These being lawyers, there's no discussion of felicity conditions or indirect speech acts. Rather, it's taken by the NLRB to be obvious that (as James Comey put it) the "circumstances, the subject matter, and the person" made it a matter of common sense that the remark was coercively "chilling":

Thus, this statement was made to Wayne by Park, the Respondent's highest ranking official. It was made during a meeting, in Park's office, that Wayne was required to attend alone despite his request that the Respondent meet with the employee committee. Further, Park's statement was directed at Wayne's protected attempts to have the Respondent address employee pay issues. In these circumstances, Park's comments had a chilling effect and interfered with Wayne's exercise of rights guaranteed by Section 7 of the Act. 

The fact that KNTV later fired Wayne is also a relevant part of the story.

President Trump is not accused of violating the National Labor Relations Act, obviously. But in context, the perception of "I hope you can let this go" as a directive is a matter of common sense, just as the perception of "I hope you won't continue to be an agitator" as coercive was in 1995.

From Grice onwards, philosophers and linguists and AI researchers have tried to understand, explain, and model common-sense communication. Like other aspects of common sense, the logical reconstruction of communicative intentions is subtle and difficult. But often the conclusions are, well, common sense.

 



3 Comments

  1. ErikF said,

    June 11, 2017 @ 1:57 am

    I don't believe that I have ever seen "excepts" before. At first I thought it was bureaucratese, but the verb "except" does have the meaning of "to object"! Does this have any currency outside the legal profession? Google Ngram shows the specific form "excepts" as declining in use; I assume that the verb in general follows the same trend.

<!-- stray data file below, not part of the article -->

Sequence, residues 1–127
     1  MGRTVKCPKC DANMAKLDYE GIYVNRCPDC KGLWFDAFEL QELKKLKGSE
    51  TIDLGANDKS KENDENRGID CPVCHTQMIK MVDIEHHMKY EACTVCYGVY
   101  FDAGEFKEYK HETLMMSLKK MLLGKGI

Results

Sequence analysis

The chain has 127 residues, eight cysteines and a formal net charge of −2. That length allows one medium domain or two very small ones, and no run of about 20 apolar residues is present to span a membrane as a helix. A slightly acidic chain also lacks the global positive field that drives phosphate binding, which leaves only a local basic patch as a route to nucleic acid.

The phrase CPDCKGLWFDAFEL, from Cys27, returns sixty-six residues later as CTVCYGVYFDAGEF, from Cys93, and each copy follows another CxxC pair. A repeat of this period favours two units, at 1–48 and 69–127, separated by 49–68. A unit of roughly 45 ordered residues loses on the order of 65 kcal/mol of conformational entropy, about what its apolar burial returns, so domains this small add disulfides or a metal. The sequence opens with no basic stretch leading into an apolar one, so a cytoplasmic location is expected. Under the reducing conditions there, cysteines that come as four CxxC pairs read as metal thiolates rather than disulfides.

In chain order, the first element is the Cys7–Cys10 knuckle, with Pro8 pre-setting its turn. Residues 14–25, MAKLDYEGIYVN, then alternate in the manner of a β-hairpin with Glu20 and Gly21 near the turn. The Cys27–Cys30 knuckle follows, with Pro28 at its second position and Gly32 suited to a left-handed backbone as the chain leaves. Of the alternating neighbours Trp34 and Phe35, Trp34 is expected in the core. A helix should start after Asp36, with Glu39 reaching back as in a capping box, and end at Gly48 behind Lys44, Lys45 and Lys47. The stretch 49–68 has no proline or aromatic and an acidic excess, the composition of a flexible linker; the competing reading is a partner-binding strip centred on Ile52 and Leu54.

2. ardj said,

    June 11, 2017 @ 3:33 am

    @ErikF
    Unusual use, but certainly in the OED (2nd ed.) at except, v. 2: intr. To make objection; to object or take exception…. From the use of Latin excipere (adversus aliquem) … the etymological notion being that of limiting the right alleged in an opponent's declaration by setting up a countervailing right in the defendant which excepts his own case.
    I am not sure I fully understand the last part of that, which seems to suggest that the exceptor is also objecting to his own case; but I suspect that your legally-trained readers will judge whether its use is current practice.

    And if the subsequent firing of Wayne was relevant, maybe Mr Comey should consider his rights under the National Labor Relations Act (I hope I have spelt that correctly)

  3. Noscitur a sociis said,

    June 11, 2017 @ 3:50 am

    "And if the subsequent firing of Wayne was relevant, maybe Mr Comey should consider his rights under the National Labor Relations Act (I hope I have spelt that correctly)"

    Government employees aren't protected under the NLRA.